Sail Date December 2015
We have enjoyed several Crystal cruises in recent years, so confidently booked the interestingly routed Tokyo to Vancouver crossing, with an itinerary that visited Russia's Far East, and along the entire Aleutian chain before ... Read More
We have enjoyed several Crystal cruises in recent years, so confidently booked the interestingly routed Tokyo to Vancouver crossing, with an itinerary that visited Russia's Far East, and along the entire Aleutian chain before visiting the more usual Alaskan ports. We anticipated cold weather, rough seas, but looked forward to the exciting prospect of amazing wildlife. Alas, it was not to be, as it was far too early in the season for whale migration, bird life or bear sightings. Wisely we had packed warm clothing , boots, hats etc, as we certainly needed them! So early in the season, we experienced many days of fog, and chill winds, and the ship had to miss Petropavlovsk because of sea ice. It was delightful to visit the charming, welcoming small Japanese ports of Amori and Otaru, totally unlike the frenzied excitement of Tokyo. We thought more unusual Alaskan ports of Dutch Harbor and Kodiak were fascinating, and enjoyed seeing non-touristy Alaska before sailing into busy Ketchikan Crystal have recently changed both their marketing policies, and certainly dropped their standards, it seemed to us, as there was a completely different atmosphere on board. We felt we were on a.downmaeket, mass market ship, with pushing in, loud shouting, "me first" behaviour, disregarding of courtesies towards fellow guests and staff. Even in the glories of Glacier Bay, all seats in the prime viewing area in the forward viewing Palm court had been " reserved" long before dawn, with a refusal to share with fellow guests. The shows were filmed on held up IPads, to the detriment of those behind, despite staff requests. The dress codes had been" relaxed " to the point that there were none, with the words Crystal Casual being interpreted as "come as you are", even on designated formal evenings. It is uncomfortable to those guests who appreciate the opportunity to wear formal evening clothes to realise that some fellow guests think jeans and track suits are acceptable. This may seem a snobby attitude, but we previously found that Crystal offered the opportunity to enjoy a taste of fine, refined, cultured dining and entertainment, completely different to our home life. If this is the way Crystal is choosing to move forward, they will quickly lose their core customers who chose this line for its elegant sophisticated ambience, aimed at well travelled discerning clients. Their continued raising of prices, now several times a year, will soon lose its appeal, and business will slow rapidly. Expensive cruises need to give value for money, and make guests feel the extra expense is worth it. We will certainly reconsider cruising with Crystal again as other luxury lines seem to aim upwards, not, as Crystal appear to be doing, set their standards lower . Read Less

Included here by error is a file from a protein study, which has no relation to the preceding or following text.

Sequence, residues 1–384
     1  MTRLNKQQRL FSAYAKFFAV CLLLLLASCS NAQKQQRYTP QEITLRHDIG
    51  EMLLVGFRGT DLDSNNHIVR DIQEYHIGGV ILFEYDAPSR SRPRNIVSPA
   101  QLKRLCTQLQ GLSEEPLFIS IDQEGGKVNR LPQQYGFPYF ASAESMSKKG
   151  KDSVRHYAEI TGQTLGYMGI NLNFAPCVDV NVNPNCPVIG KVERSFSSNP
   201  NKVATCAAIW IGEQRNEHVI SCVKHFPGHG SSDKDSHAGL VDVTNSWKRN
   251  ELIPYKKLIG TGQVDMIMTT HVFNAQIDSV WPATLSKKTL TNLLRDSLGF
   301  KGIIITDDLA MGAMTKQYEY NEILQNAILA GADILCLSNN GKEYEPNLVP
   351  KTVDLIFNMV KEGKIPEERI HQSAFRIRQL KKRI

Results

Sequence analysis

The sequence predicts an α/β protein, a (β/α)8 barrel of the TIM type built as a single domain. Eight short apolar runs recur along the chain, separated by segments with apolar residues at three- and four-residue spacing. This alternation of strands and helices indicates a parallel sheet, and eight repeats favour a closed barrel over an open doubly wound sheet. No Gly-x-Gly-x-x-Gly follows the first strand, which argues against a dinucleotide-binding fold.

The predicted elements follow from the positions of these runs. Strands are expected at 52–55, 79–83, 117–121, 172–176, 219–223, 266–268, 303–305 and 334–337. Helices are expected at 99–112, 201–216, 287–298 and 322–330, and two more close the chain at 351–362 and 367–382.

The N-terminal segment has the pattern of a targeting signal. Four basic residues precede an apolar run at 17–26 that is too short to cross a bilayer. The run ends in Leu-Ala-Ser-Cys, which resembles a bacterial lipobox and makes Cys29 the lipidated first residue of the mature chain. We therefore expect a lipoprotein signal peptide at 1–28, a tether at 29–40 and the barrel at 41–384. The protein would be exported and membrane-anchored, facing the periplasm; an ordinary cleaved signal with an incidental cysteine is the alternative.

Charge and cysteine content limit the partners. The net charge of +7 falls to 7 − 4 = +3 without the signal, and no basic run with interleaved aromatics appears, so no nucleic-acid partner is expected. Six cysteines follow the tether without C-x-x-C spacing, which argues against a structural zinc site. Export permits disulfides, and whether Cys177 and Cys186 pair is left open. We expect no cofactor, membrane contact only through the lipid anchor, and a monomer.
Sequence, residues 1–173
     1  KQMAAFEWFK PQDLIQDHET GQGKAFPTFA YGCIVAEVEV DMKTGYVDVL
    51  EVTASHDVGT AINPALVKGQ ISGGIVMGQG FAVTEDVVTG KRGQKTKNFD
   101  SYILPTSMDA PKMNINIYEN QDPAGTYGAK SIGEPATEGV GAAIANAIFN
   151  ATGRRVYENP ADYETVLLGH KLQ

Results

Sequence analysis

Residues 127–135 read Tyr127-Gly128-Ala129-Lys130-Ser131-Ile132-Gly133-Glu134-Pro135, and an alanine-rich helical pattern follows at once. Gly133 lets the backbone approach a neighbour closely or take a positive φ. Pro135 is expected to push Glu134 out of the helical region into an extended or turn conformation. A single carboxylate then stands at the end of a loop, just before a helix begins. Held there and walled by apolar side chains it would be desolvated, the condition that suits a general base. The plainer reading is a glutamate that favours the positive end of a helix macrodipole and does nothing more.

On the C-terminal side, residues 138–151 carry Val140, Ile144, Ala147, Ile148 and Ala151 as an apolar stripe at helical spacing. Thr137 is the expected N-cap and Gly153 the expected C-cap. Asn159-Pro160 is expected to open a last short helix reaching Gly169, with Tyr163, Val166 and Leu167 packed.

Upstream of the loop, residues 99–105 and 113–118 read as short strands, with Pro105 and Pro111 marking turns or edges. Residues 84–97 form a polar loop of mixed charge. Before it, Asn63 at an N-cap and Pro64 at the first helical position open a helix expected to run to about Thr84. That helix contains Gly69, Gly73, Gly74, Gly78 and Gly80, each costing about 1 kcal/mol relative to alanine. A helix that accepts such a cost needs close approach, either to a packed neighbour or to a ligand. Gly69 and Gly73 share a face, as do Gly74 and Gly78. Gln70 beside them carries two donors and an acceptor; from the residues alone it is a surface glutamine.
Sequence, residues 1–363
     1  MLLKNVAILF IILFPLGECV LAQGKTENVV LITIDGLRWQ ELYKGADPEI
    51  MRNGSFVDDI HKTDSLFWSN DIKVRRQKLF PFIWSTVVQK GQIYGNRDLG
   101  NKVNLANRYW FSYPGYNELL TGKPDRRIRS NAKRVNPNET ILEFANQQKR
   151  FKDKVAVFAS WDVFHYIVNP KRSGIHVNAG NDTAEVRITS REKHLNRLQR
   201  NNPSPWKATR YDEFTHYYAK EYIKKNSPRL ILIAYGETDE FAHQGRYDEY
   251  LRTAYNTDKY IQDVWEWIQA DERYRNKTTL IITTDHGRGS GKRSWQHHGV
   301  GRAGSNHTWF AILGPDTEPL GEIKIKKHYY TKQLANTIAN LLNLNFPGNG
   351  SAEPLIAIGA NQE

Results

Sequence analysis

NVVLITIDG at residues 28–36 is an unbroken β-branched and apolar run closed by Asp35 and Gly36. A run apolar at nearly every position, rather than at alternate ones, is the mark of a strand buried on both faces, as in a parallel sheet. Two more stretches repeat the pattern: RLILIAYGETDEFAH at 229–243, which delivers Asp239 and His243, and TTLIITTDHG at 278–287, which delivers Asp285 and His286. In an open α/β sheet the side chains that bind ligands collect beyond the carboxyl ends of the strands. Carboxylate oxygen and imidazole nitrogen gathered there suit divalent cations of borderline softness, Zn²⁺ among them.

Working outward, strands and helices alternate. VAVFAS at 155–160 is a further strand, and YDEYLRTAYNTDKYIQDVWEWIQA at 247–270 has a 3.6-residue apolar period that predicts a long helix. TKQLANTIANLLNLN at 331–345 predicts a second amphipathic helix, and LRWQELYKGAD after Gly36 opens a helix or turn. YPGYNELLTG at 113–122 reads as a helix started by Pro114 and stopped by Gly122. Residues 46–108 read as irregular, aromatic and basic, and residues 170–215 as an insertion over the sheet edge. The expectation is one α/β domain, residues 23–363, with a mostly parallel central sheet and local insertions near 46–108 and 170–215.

Sail Date April 2015
Crystal is a bit better than the average cruise line, but in no way is it '6 star cruising' and certainly not worth the extra cost. I don't believe it represents good value for money, and personally wouldn't cruise with ... Read More